South Africa to cap losses for banks giving virus loans

South Africa will cap losses for banks participating in its 200 billion-rand ($11-billion) loan-guarantee program as the government seeks to rekindle an economy devastated by a lockdown to curb the coronavirus.

Lenders, the National Treasury and central bank have created a credit-guarantee program in which the government and banks will share profits made from the difference between the cost of funding and the rate of interest charged on loans, the Treasury said in an email on Friday. Should the gains not be enough to offset losses, these will be absorbed by banks — as much as 6% of the loan, with the government shouldering the rest.

Treasury doesn’t expect any losses under the baseline scenario, Roy Havemann, chief director of financial markets and stability, said by phone. “If things go badly,” potential losses could be as high as 24 billion rand over five years for banks and the government, he said.

The initial phase of the project will target 100 billion rand of loans that will be offered at a single interest rate that still needs to be determined, and pegged to the central bank’s benchmark rate, the Treasury said. Banks will also be charged a guarantee fee.


South Africa is following the lead of other nations around the world seeking to provide stimulus to their economies through their banking systems. The loan guarantees form part of President Cyril Ramaphosa’s 500 billion-rand support package aimed at rekindling growth and helping those worst affected by the lockdown.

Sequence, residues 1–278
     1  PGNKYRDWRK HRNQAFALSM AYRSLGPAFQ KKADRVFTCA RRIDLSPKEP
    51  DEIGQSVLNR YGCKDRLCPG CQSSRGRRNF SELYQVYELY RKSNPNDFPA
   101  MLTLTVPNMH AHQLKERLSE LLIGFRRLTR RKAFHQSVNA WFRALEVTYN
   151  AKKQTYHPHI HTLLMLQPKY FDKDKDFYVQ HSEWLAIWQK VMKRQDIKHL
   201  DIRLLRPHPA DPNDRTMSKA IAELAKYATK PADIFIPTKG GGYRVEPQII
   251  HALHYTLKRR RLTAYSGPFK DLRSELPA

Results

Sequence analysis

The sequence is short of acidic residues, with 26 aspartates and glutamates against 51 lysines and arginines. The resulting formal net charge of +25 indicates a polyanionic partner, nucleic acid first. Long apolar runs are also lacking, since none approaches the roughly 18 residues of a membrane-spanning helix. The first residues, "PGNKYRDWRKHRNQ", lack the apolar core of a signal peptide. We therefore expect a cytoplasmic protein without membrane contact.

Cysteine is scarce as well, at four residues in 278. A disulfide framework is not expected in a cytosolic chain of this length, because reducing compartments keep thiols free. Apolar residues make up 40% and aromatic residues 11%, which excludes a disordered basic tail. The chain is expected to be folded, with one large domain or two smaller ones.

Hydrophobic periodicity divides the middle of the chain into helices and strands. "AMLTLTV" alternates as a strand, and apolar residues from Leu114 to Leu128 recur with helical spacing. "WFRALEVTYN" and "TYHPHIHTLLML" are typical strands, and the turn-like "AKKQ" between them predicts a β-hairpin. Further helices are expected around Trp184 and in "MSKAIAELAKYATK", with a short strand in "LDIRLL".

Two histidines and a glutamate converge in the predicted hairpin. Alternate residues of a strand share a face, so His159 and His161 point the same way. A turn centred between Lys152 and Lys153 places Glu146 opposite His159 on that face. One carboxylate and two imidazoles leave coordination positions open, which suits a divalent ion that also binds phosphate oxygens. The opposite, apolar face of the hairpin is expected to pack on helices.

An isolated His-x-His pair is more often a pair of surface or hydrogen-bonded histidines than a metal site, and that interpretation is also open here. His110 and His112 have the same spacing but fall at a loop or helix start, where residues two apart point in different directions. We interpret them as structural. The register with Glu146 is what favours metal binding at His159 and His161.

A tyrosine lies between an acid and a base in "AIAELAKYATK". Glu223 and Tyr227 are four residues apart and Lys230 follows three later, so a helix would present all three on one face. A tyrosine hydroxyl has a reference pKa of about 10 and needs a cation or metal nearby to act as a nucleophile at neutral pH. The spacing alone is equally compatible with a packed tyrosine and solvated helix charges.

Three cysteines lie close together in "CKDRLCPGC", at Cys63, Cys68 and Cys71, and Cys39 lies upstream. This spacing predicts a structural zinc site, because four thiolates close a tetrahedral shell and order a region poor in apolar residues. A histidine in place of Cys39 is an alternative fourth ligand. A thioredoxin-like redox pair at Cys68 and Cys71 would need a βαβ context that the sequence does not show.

Banks would still adhere strictly to risk principles, said Nolwandle Mthombeni, an analyst at Mergence Investment Managers. “Banks will be affected to the extent that their customers default, but even then it will be limited to 6% of loan size. I expect banks will still do what they can to assist clients.”

Other key features of the program:

  • A six-month repayment holiday will start from the first drawdown, from which interest will accumulate.
  • Repayment of interest and capital starts after six months and businesses have a maximum term of 60 months.
  • Each company may take out only one Covid-19 loan.
  • Loans will be available to businesses in good standing and with an annual income of less than 300 million rand.
  • Funds can be used for operational expenses such as salaries, rent and lease agreements, and contracts with suppliers.
  • Loans will cover as much as three months of operational costs and will be drawn down monthly.
  • Banks are not obliged to extend Covid-19 loans, and those that do will use their normal risk evaluation and credit-application processes.

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South Africa to cap losses for banks giving virus loans